After an extremely contentious election year, the Rowan University College Republicans are looking further down the road. The group is planning on localizing its efforts in an attempt to help its party retain control during this hectic political conundrum.
Like the Rowan Democrats and the Students for Trump group, the College Republicans are now focusing on local politicians and elections as an answer to a divisive political climate. The club canvassed for New Jersey representatives like Congressman Chris Smith from the fourth district and for the Washington Township mayoral candidate Joseph Micucci.
The members of the College Republicans mirror a growing national trend among Republicans in general. They find themselves disillusioned with their own elected presidential candidate. Much like the high-ranking Republican politicians finding ways around a Trump endorsement, they’re looking for ways to maintain some presence locally after Nov. 8.
“When you take [Trump’s] words at face value, he sounds like the kind of person you don’t want to represent you, but do you weigh your beliefs more than you weigh the country?” said Matteo Iadonisi, club treasurer and dual journalism and radio, television and film major.
“I think we all have a different opinion on that,” he continued. “That has opened free discussion and free debate at our club meetings.”
“I was a Republican before Donald Trump and I’ll be a Republican after Donald Trump,” – christian springer
Club Vice President Christian Springer is not allowing Trump’s words and behavior to sway him from his party.
“I was a Republican before Donald Trump and I’ll be a Republican after Donald Trump,” the radio, television and film major said. “I’m rooted in my center-right beliefs and what Donald Trump says or does, doesn’t dissuade me from that.”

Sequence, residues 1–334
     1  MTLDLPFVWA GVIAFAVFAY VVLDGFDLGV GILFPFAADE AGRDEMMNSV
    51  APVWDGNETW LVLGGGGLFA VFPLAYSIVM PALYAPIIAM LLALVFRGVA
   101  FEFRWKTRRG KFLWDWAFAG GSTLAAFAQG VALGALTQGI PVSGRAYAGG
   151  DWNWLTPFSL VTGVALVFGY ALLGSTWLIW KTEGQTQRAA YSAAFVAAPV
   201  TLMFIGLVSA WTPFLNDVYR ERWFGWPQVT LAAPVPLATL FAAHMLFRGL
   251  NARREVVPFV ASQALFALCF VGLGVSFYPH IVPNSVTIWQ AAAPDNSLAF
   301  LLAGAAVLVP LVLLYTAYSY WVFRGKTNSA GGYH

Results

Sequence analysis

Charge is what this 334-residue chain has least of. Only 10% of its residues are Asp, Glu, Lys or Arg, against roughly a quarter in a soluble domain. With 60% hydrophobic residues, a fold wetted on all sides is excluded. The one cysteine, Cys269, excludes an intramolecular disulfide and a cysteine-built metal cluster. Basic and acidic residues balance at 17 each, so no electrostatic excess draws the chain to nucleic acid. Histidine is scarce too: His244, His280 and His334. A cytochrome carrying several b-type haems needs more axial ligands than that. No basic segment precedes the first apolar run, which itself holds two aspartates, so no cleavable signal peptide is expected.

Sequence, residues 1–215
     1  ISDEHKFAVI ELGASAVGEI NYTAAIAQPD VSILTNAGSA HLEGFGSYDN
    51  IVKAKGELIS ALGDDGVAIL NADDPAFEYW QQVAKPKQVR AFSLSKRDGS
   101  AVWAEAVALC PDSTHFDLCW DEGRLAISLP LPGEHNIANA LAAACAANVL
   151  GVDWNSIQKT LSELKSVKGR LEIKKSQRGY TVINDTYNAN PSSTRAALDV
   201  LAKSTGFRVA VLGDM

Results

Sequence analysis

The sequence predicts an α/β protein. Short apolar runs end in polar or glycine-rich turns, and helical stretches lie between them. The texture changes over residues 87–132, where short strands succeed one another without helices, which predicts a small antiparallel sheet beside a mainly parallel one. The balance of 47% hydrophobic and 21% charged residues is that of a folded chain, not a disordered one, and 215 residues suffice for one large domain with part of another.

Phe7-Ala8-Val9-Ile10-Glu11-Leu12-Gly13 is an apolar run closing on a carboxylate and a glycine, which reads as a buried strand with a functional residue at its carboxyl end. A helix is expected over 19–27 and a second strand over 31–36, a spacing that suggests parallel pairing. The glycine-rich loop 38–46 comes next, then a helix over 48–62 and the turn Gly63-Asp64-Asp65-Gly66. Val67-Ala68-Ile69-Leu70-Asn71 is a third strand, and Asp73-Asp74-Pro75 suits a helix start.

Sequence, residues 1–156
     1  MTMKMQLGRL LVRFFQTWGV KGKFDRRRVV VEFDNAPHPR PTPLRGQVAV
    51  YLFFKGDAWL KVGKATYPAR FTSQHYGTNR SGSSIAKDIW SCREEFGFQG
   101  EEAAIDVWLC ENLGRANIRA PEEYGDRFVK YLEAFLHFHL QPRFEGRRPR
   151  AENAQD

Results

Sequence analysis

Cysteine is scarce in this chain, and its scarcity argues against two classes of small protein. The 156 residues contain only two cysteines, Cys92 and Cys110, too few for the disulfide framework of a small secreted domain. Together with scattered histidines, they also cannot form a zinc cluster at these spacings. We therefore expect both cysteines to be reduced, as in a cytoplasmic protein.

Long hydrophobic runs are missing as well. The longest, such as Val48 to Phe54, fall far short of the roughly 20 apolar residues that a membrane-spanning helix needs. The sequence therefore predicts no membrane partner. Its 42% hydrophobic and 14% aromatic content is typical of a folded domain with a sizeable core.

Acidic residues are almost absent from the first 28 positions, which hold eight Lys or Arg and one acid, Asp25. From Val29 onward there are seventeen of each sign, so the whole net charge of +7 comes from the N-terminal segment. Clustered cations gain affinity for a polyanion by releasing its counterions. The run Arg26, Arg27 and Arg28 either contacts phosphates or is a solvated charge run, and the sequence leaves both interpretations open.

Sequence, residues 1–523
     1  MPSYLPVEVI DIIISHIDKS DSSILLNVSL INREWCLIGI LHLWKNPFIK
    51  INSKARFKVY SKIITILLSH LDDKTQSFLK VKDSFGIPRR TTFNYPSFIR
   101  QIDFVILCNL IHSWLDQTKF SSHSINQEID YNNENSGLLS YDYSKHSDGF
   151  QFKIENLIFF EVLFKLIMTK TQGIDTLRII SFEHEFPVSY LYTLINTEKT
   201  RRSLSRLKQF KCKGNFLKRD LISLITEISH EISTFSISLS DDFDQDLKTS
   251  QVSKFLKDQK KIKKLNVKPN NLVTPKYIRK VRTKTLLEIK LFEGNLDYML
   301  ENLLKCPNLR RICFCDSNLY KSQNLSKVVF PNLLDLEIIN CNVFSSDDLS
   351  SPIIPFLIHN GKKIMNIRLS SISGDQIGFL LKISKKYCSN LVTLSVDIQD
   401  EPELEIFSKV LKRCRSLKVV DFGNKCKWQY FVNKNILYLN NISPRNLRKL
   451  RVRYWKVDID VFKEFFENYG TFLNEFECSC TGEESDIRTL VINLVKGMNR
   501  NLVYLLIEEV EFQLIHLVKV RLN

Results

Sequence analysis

Club Senator Nicole Alfaro looks beyond Trump’s behavior and focuses on what he’s bringing to the table.
“I’m a Republican and I have the ideologies of a Republican, and what [Trump] says may be messed up, but I do agree with many of his policies,” said Alfaro, a communication and political science major.
While members have differing opinions, the club’s value isn’t based on who each member supports, but on all-inclusiveness and free-flowing dialogues.
“When you have a political party that’s supposed to represent nearly half of the nation, you’re going to encompass a wide spectrum of different beliefs,” said club member Brendan Kain, a sophomore philosophy and law and justice major. “There are some people who wholeheartedly support Trump in our club and there are some people who are reluctantly voting for him and some people who are not and those are all valid viewpoints.”
“College campuses aren’t the most conservative places in the world and I feel like a lot of conservative students feel ostracized,” – Matthew sateary
For President Matthew Sateary, the club is simply a way to give students a space to speak their minds and find others who believe in the same things they do.
“It gives students like us a platform to speak. College campuses aren’t the most conservative places in the world and I feel like a lot of conservative students feel ostracized,” Sateary said. “In our club, you know you can speak your mind and you know you’ll be respected.”
The members welcome anyone who is interested in politics to come to a meeting. The club meets in room 224 of Robinson Hall on Thursday nights at 9 p.m.
“The whole reason I joined the Republican Club is because I was a republican, but I wanted to find out more about it and learn more about it,” said Alfaro. “Because of this club I decided that I am going to be a political science minor because it struck an interest in me. Anyone who wants to learn more about the party or understand the ideologies should come by and see us.”
For more information about the Rowan University College Republicans, visit their Facebook page.
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